The popularity of the novel, and the awards it won, prompted me to write this review, given how disappointed I was reading it.  I expected something more sophisticated, to be surprised on occasion, and to be (at least modestly) impressed.  I was none of these things.  Ren’s novel had so much more heart, genuine drama, and aesthetic heat than Gaiman’s.  Some day I will re-read Arks be Damned.  American Gods, no — I won’t be traveling Shadow’s path again.

After finishing Gods I picked up a novel by Philip Roth and immediately felt more at home.  And I don’t even like Philip Roth (I found his Portnoy’s Complaint unexceptional) but I immediately appreciated the literary tone and substance in his Dying Animal.  It is a short novel that I will criticize unfavorably when I finish, but even so, it provides far more satisfaction than I experienced reading Gods.  

My overly critical review of Gods could be taken as a sign of pure literary snobbery.  It’s true I rarely read popular fiction.  But as recently as 2017 I re-read Revelation Space, Redemption Ark and Absolution Gap by Alastair Reynolds (I originally read the novels in 2005).  Exceptional science fiction (or more precisely, space opera).  I am also re-watching The Expanse on Amazon Prime.  Also exceptional science fiction.  In a different realm, I love the series Firefly and the movie Serenity (I have pretty much worn out my DVDs).  But they are far more charming and outrageous than The Expanse, less serious and less dramatic, but arguably more fun.  Does that qualify me as an appreciater of popular fiction?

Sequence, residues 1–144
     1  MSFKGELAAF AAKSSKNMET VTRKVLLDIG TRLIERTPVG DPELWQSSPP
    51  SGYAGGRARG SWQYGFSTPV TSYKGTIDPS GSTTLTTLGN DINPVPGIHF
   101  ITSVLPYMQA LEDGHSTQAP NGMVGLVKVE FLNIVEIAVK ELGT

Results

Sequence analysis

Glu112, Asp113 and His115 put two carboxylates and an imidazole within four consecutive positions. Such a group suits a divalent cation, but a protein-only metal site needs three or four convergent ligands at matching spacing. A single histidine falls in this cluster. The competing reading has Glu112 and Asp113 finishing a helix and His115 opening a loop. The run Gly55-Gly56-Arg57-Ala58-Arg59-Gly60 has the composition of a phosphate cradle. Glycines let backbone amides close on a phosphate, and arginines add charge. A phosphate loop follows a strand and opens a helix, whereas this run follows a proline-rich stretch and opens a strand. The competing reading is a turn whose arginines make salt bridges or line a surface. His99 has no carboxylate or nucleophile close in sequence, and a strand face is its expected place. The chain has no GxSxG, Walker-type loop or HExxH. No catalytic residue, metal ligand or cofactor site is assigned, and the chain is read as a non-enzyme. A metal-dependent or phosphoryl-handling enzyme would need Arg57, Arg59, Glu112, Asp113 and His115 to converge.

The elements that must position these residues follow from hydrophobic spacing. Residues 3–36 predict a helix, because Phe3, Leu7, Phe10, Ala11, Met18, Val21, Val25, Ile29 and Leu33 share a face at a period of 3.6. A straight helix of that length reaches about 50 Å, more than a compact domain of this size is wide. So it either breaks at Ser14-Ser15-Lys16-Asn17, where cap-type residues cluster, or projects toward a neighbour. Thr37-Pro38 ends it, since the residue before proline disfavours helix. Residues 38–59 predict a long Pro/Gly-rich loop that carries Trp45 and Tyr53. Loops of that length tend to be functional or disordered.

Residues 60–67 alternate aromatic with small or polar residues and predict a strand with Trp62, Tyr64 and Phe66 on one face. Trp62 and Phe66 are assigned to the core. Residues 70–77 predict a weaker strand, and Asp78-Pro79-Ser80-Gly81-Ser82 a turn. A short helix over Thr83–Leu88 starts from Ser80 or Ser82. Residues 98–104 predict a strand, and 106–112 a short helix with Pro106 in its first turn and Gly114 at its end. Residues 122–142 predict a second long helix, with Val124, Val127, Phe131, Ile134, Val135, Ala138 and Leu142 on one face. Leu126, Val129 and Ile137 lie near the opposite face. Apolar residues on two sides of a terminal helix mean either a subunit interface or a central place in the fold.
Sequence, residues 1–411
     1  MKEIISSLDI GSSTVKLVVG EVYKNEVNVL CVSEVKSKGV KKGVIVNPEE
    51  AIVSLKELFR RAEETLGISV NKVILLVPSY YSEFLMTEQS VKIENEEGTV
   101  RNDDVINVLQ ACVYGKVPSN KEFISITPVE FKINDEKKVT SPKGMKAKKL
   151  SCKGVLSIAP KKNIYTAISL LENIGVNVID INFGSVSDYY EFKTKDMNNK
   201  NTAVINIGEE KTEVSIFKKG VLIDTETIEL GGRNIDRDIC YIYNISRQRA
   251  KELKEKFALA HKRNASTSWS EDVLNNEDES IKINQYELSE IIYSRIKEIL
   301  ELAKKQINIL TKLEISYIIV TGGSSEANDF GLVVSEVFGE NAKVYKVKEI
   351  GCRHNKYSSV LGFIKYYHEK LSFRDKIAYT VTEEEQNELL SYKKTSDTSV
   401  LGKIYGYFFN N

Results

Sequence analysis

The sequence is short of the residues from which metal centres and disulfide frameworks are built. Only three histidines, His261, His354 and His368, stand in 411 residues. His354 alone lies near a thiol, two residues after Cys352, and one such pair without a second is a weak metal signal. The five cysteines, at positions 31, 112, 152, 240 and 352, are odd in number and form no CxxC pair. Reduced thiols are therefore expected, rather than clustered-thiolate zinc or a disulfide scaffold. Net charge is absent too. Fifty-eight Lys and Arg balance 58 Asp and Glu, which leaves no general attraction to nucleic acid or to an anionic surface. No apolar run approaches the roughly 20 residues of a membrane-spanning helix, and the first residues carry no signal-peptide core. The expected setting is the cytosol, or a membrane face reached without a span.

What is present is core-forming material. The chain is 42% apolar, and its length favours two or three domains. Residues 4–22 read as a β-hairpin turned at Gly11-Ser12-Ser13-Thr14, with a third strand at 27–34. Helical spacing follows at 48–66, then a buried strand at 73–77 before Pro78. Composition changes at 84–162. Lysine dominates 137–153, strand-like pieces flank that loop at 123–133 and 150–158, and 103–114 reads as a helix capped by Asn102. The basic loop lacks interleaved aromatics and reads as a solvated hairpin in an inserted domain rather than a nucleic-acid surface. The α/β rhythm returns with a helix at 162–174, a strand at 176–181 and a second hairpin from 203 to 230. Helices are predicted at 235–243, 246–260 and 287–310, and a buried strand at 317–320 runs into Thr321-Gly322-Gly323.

Obviously tastes differ, and that could be the end of it.  Nobody can assert anything more than preference, and perhaps some justification.  But such judgments are not final, nor appealable to some ultimate authority.  I am simply surprised that American Gods was so highly regarded, but that could just be me.  What do you think?

Review of Gaiman's American Gods